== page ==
Since the JFBA has been proposing that “transparency of interrogations” should involve a recording of the entire process of all interrogations throughout the police and the public prosecutors' offices, it is evident that the audio/video recording of interrogations at such public prosecutors' offices are still far from sufficient, and recording of the “entire process” of interrogations at both the police stations and public prosecutors' offices should be carried out immediately.
New Scope of Cases which are to be Subject to Audio/Video Recording
The Future Policies state that the scope of the trial run of the audio/video recording of interrogations of suspects will be expanded to newly include cases such as those involving suspects who may have a reduction or negation of their criminal responsibility due to mental disability, etc. Such move can be evaluated positively as it is clearly a step in the right direction.
On the other hand, as regards cases involving juveniles, there is no definite decision on the trial run for the recording of interrogations set forth in the Future Policies and it is merely stated that “the scope and methods for audio/video recording of juvenile cases subject to audio/video recording will be further reviewed.” However, it is evident that in reality there are a significant number of problematic cases, thus a trial run for juvenile cases, aiming to improve the transparency of interrogations, should be implemented.
Review of how Interrogations should be Conducted in the New Era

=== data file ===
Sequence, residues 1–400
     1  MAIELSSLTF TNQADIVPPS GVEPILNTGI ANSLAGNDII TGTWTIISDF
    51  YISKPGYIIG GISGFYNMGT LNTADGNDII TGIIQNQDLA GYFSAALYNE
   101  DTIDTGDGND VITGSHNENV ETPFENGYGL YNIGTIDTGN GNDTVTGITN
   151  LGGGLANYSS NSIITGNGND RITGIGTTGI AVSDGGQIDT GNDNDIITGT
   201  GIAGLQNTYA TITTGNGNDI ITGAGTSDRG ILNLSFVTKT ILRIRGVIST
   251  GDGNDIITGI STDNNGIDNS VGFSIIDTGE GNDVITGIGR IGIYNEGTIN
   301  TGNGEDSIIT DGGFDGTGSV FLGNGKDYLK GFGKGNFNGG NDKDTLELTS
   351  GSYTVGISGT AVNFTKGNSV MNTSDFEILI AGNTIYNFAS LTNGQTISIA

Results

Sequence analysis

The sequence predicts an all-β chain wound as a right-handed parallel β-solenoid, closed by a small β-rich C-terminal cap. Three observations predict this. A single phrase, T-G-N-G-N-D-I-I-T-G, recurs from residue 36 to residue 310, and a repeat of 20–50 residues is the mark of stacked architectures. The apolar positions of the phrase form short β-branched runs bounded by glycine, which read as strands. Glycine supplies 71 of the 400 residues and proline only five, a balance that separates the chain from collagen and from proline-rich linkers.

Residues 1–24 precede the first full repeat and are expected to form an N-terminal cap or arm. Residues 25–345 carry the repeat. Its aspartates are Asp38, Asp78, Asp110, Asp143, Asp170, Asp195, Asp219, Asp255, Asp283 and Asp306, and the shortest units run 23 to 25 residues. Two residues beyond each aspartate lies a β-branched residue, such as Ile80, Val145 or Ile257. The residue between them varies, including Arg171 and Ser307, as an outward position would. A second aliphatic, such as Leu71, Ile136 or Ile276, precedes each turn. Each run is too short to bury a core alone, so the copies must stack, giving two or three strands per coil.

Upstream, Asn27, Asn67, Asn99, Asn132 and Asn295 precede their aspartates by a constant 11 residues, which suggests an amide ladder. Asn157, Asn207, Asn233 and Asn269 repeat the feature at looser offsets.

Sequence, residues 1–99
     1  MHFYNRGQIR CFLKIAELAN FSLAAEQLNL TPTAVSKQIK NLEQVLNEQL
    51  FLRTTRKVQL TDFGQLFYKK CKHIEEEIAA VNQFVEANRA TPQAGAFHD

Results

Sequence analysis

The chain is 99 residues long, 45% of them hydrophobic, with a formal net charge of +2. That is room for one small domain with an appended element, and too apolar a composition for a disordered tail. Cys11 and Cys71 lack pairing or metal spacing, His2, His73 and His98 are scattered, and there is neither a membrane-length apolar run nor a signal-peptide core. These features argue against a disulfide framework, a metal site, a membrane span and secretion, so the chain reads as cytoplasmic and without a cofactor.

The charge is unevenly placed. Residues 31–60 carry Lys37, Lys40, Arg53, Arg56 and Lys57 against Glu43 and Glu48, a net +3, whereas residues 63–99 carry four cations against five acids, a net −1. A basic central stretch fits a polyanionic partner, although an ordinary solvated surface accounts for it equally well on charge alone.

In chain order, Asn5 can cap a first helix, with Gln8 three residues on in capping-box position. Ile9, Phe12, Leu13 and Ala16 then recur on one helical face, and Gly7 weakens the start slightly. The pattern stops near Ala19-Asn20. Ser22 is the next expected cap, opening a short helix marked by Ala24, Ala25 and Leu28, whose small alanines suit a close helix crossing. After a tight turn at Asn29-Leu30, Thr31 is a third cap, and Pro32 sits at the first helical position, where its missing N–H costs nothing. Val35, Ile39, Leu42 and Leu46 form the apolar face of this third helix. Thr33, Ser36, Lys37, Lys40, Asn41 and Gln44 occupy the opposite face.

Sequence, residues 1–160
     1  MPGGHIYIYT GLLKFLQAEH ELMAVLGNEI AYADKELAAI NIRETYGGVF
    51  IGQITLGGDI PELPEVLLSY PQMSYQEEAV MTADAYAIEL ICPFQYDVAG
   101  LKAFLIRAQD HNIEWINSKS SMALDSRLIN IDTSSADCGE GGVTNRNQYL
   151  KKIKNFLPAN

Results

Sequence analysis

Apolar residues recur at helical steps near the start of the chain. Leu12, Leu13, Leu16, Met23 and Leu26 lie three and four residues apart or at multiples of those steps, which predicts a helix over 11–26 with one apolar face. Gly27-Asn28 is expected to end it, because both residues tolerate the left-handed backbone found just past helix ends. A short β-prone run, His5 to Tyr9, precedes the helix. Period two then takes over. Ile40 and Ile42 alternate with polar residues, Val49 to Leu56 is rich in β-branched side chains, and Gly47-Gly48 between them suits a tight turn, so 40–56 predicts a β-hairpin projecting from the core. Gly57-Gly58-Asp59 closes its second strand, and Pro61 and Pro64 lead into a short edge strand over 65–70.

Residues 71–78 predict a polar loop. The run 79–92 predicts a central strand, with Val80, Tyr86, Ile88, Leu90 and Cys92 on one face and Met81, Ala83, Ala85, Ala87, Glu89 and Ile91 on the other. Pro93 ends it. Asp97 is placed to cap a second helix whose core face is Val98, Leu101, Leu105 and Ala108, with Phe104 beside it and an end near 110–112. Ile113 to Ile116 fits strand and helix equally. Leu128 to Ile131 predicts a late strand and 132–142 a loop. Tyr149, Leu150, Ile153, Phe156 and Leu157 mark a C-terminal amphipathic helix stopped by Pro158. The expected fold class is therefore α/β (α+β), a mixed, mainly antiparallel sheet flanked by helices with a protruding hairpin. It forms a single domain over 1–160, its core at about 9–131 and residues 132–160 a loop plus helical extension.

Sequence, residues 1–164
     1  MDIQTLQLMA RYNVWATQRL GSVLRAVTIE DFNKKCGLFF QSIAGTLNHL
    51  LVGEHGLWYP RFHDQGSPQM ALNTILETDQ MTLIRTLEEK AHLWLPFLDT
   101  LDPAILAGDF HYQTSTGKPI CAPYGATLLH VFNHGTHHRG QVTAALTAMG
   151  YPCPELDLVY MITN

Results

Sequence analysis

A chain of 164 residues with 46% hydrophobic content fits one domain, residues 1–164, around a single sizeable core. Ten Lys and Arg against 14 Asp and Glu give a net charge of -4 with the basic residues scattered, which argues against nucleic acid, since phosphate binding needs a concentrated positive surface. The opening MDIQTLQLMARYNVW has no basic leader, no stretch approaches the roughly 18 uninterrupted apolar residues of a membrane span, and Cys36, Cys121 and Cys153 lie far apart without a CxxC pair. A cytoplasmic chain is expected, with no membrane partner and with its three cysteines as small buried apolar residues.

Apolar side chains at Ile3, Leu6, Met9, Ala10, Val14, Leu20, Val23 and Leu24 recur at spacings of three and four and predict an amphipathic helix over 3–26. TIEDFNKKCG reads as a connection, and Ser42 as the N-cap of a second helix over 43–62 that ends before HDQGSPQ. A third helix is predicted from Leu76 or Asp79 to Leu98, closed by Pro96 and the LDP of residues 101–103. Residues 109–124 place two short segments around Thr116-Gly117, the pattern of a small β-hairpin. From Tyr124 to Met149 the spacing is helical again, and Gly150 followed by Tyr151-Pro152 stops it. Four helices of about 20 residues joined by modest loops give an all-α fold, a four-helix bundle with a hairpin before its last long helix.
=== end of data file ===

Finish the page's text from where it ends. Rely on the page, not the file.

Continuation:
As it has already been pointed out that there have been a great deal of problems arising from the use of conventional interrogation methods, it is patently obvious that such methods should be scientifically and systematically examined. The recent establishment of the “Team to Review How Interrogations should be Conducted in the New Era” at the Supreme Public Prosecutors’ Office should have been done much earlier. An aggressive review should be conducted from this point forward in cooperation with psychologists specializing in the psychology of witness statement analysis and experts in other related areas.
Some parts of the Verification Results indicate that conducting an interrogation behind closed doors is still approved of, even at this point. However, such notion should be fundamentally amended through the examinations conducted by the Team.
Further Verification for the Future
The JFBA submitted a request on May 15, 2012 entitled, “Request in relation to the Verification of the Trial Implementation of Audio/Video Recording of Interrogations of Suspects” to Mr. Toshio Ogawa, the Minister of Justice and Mr. Haruo Kasama, Prosecutor-General of the Supreme Public Prosecutors’ Office, requesting a factual and fair verification that could contribute to the discussions related to the implementation of transparency of interrogations currently under discussion at the“Subcommittee on the Criminal Justice System for the New Era”under the Legislative Council of the Ministry of Justice.
It is truly regrettable that the verifications made on this occasion were only those conducted within the public prosecutors’ offices, which is a closed group. A further verification needs to be conducted, using actual problematic cases, in a more open manner together with third parties including psychologists specializing in witness statement analysis and attorneys to be recommended by the JFBA. In addition, concerning a new trial implementation to be conducted in the future, the JFBA suggests verification be conducted with such third parties from an early stage.